FREQUENCY OF DEPRESSION IN EPILEPSY: A HOSPITAL BASED STUDY
AbstractBackground: Depression is the most frequent psychiatric morbidity among epileptic patientsadversely affecting their quality of life. It has also been associated with deliberate self harm andsuicide. The objectives of this study were to know the frequency of depression in epileptic patientscoming to neurology clinic of tertiary care hospital and also to find an association of clinical anddemographic variables of epileptic patients with depression. Methods: Convenient samplingmethod was used to select patients after informed consent. Depression was diagnosed using semistructured interview based on ICD-10. Data was analyses using SPSS version 10.0, and analysiscarried out using descriptive and inferential statistics. Chi-square test of association was applied tosee the significance. Result: Out of total 100 patients 55% were males, 47% were married andmean age of the patients was 25.5±4.34 years. About 60% patients were found depressed at thetime of interview. Male patients, being married and coming from low socioeconomic stratum weresignificantly associated with depression. None of the patient was on anti-depressant medication.Conclusion: Depression was found to be highly prevalent psychiatric morbidity in epilepticpatients. Men, married status, uncontrolled epilepsy and low socioeconomic group more prone tohave depression.Keywords: Depression, Epilepsy, Suicide
Lewis AJ. Melacholia: a historical review. J Ment Sci
Barrowclough B. Suicide and epilepsy. In: Reynolds FH,
Trimble MR. Editors. Epilepsy and psychiatry. Edinburgh:
Kanner AM, Nieto JC. Depressive disorder in epilepsy.
J Ayub Med Coll Abbottabad 2009;21(2)
Goldstein LH. Effectiveness of psychological interventions
for people with poorly controlled epilepsy. J Neurol
Neurosurg Psychiatry 1997;63:137–42.
Blumer D. Postictal depression: significance for the
neurobehavioral disorder of epilepsy. J Epilepsy 1992;5:214–9.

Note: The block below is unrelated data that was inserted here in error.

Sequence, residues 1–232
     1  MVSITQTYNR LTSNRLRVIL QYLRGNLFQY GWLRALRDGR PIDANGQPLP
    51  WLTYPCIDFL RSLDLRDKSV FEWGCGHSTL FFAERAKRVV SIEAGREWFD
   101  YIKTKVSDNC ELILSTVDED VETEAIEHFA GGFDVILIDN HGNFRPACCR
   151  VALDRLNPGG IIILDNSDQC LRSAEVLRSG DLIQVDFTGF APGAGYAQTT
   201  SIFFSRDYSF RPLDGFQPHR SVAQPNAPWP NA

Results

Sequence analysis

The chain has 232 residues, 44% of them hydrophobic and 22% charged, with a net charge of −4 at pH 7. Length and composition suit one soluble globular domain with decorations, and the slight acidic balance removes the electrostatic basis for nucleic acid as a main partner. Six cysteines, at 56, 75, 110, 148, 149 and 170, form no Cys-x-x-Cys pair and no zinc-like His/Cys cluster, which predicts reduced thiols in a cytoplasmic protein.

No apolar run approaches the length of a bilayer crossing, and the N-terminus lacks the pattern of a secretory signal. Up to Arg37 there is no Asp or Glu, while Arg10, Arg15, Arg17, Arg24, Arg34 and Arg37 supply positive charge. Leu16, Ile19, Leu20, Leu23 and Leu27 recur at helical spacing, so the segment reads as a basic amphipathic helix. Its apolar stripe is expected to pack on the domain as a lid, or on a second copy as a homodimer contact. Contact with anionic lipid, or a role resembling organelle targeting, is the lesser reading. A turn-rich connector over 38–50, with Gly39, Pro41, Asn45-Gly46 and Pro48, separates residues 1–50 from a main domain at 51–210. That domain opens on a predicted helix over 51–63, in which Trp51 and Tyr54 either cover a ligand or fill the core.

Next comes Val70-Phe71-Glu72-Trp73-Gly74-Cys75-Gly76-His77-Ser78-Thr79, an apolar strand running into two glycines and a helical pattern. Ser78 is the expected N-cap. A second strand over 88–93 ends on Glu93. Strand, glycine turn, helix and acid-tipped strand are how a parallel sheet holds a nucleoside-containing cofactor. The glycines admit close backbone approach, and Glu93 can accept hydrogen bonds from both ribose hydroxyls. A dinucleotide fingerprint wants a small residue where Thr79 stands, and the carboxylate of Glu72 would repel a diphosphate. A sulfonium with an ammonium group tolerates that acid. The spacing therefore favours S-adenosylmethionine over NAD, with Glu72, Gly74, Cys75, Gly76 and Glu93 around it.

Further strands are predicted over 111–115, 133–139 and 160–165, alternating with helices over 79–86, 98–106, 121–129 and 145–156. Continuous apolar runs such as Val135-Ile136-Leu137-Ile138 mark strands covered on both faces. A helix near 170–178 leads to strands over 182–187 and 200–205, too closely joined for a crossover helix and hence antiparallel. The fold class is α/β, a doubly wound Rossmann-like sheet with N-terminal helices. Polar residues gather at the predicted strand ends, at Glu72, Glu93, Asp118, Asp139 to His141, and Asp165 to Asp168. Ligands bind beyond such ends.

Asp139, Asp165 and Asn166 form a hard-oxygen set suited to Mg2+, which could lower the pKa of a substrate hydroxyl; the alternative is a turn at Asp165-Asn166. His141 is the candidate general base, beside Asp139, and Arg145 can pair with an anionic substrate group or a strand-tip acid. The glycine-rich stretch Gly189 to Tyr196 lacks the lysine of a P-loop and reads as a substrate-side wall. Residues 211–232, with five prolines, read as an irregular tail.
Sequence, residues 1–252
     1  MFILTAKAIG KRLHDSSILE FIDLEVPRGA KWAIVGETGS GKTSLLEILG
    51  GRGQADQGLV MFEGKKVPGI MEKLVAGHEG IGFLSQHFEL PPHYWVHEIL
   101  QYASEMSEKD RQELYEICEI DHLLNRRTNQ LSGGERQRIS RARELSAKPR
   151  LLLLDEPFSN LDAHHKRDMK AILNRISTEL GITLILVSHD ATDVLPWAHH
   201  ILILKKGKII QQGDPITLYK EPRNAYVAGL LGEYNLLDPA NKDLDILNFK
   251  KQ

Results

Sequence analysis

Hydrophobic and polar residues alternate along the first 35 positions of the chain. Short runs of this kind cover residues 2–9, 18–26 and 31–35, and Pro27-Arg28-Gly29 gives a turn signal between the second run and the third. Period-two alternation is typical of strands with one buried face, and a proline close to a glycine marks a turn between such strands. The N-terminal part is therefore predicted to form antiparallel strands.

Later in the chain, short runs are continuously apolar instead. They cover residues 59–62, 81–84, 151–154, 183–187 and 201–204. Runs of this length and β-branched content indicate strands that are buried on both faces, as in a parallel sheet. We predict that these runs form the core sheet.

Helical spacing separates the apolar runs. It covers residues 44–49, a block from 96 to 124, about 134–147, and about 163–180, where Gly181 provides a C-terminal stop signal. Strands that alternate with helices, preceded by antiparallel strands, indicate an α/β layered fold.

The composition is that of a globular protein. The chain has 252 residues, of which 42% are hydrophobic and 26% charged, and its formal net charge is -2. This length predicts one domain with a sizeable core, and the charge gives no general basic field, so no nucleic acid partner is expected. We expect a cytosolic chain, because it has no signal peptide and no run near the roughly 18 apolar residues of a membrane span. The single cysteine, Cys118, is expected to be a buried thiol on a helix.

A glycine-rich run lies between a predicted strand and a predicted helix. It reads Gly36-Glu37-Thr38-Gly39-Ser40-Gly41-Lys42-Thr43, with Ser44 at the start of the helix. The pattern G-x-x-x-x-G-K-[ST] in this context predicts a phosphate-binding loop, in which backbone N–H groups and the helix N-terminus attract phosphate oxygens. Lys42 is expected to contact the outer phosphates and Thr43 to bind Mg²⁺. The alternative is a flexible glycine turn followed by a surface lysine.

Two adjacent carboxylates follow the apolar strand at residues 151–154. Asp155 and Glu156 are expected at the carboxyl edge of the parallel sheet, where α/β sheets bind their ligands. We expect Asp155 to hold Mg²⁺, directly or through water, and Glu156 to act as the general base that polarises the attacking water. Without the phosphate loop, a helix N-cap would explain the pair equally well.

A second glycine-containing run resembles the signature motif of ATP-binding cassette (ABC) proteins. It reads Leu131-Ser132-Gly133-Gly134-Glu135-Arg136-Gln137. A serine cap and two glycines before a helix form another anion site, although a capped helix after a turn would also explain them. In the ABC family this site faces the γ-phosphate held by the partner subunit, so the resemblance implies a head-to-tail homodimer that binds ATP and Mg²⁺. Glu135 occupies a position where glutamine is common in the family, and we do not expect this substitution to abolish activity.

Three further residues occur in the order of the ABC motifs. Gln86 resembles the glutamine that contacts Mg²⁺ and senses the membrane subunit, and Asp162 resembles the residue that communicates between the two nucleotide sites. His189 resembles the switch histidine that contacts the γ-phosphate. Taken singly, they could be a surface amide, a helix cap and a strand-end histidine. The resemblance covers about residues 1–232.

L.S Boylan, Flint, Labovitz, Jackson. Depression but not
seizure frequency predicts quality of life in treatmentresistant epilepsy. Neurology 2004;62:258–61.
Aziz H, Guvener A, Akhtar SW, Hasan KZ. Comparative
epidemiology of epilepsy in Pakistan and Turkey populationbased studies using identical protocols. Epilepsia
Aziz H, Akhtar SW, Hasan KZ. Depression and epilepsy:
how closely related are they? Neurology 2002;58:S27–39.
Mendez MF, Doss RC, Taylor JL, Salguero P. Depression in
epilepsy. Relationship to seizures and anticonvulsant therapy.
J Nerv Ment Dis 1993;181:444–7.
Thompson PI, Oxley J. Socioeconomic accompaniment of
severe epilepsy. Epilepsia 1988; 29 Suppl I:S9–18.
Falconer MA, Serafetinides EA. A follow-up study of
surgery in temporal lobe epilepsy. J Neural Neurosurg
Morrell MJ. Sexuality in Epilepsy. In: Engel J, Pedley TA,
eds. Epilepsy. Philadelphia: Lippincott-Raven Publishers;
Septien L, Grass P, Giroud M, Didi-Roy R, Brunotte
F, Pelletier JL, et al. Depression and temporal lobe epilepsy:
the possible role of laterality of the epileptic foci and gender.
Neuiuphysiol Clin 1993;23:327–36.
Hawton K, Fagg J, Marsack P. Association between epilepsy
and attempted suicide. J Neurol Neurosurg Psychiatry
Sander JW AS, Duncan JS. Vigabatrin. In: Shorvon 5,
Dreifuss F, Fish D, Thomas T, eds. The treatment of
epilepsy. Oxford: Blackwell Science;1996:491–9.
Ziegler RG Epilepsy Behav. Behavioral and emotional
correlates of epilepsy in adolescence 2002;3(6):558–60.
Brown SW, McGowan MEL, Reynolds EH. The influence of
seizure type and medication on psychiatric symptoms in
epileptic Patients. Br J Psychiatry 1986;148:300–4.
Sackheim HA, Decina P, Prohvnik I. Anticonvulsant and
antidepressant properties of electroconvulsive therapy. A
proposed mechanism of action. Biol Psychiatry